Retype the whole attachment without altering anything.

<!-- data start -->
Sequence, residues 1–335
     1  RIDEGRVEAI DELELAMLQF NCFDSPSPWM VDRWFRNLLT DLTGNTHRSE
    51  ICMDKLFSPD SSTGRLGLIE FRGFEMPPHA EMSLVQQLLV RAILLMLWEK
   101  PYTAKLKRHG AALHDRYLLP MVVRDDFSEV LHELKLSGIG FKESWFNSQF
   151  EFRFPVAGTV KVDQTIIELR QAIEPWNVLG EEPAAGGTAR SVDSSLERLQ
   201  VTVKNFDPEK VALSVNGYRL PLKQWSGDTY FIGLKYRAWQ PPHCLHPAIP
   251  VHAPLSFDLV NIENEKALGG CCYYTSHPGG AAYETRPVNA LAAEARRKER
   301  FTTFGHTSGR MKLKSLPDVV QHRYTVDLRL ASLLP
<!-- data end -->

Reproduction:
Sequence, residues 1–335
     1  RIDEGRVEAI DELELAMLQF NCFDSPSPWM VDRWFRNLLT DLTGNTHRSE
    51  ICMDKLFSPD SSTGRLGLIE FRGFEMPPHA EMSLVQQLLV RAILLMLWEK
   101  PYTAKLKRHG AALHDRYLLP MVVRDDFSEV LHELKLSGIG FKESWFNSQF
   151  EFRFPVAGTV KVDQTIIELR QAIEPWNVLG EEPAAGGTAR SVDSSLERLQ
   201  VTVKNFDPEK VALSVNGYRL PLKQWSGDTY FIGLKYRAWQ PPHCLHPAIP
   251  VHAPLSFDLV NIENEKALGG CCYYTSHPGG AAYETRPVNA LAAEARRKER
   301  FTTFGHTSGR MKLKSLPDVV QHRYTVDLRL ASLLP